Exploring The Value Of Folksonomies For Creating Semantic Metadata

, and . International Journal on Semantic Web and Information Systems (IJSWIS) (2007)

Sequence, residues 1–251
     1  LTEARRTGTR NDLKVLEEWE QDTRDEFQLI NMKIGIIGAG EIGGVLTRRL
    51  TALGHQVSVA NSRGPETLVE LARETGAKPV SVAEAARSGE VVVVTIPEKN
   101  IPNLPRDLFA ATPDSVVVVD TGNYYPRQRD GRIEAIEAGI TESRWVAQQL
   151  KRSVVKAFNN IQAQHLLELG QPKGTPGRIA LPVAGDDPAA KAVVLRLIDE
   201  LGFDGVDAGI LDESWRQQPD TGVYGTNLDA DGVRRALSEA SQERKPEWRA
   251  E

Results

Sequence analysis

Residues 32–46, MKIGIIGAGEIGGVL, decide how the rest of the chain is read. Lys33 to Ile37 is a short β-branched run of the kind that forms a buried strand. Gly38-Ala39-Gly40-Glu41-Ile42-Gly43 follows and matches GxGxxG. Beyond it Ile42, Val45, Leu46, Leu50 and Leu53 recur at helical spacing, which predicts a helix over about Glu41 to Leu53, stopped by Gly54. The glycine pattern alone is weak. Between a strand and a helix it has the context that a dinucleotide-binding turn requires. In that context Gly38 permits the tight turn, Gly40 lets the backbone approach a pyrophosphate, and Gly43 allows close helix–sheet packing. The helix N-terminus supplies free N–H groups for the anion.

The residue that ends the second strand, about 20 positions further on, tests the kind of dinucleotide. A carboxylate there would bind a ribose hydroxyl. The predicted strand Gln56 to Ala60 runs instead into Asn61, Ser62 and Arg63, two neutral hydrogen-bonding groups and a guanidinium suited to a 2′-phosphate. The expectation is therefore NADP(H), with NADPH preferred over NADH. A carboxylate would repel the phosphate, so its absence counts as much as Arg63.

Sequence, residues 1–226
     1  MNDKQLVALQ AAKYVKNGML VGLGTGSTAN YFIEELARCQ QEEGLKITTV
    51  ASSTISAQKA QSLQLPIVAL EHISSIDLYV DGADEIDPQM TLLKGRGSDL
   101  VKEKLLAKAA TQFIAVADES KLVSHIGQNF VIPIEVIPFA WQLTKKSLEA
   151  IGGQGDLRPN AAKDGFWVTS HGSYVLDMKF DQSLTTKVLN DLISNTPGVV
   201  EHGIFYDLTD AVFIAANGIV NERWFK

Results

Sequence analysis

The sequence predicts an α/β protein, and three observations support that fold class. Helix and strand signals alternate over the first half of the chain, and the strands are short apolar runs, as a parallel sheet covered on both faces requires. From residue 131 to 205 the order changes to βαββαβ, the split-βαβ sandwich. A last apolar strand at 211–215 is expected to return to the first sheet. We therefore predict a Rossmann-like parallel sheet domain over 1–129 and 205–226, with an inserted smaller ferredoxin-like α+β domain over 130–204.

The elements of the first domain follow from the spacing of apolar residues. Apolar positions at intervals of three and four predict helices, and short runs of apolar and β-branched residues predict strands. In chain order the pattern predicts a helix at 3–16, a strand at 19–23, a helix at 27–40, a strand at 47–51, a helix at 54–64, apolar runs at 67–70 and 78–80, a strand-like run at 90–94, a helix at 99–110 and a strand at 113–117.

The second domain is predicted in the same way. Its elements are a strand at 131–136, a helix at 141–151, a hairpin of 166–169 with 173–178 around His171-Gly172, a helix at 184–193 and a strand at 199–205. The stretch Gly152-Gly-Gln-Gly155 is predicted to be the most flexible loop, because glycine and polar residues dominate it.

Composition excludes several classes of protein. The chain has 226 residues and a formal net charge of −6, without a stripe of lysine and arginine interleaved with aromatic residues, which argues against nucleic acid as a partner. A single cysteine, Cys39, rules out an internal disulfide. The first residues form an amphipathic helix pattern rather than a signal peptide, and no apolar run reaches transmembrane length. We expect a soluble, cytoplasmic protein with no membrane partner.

Finding good keywords to describe resources is an on-going problem: typically we select such words manually from a thesaurus of terms, or they are created using automatic keyword extraction techniques. Folksonomies are an increasingly well populated source of unstructured tags describing web resources. This paper explores the value of the folksonomy tags as potential source of keyword metadata by examining the relationship between folksonomies, community produced annotations, and keywords extracted by machines. The experiment has been carried-out in two ways: subjectively, by asking two human indexers to evaluate the quality of the generated keywords from both systems; and automatically, by measuring the percentage of overlap between the folksonomy set and machine generated keywords set. The results of this experiment show that the folksonomy tags agree more closely with the human generated keywords than those automatically generated. The results also showed that the trained indexers preferred the semantics of folksonomy tags compared to keywords extracted automatically. These results can be considered as evidence for the strong relationship of folksonomies to the human indexer’s mindset, demonstrating that folksonomies used in the del.icio.us bookmarking service are a potential source for generating semantic metadata to annotate web resources.


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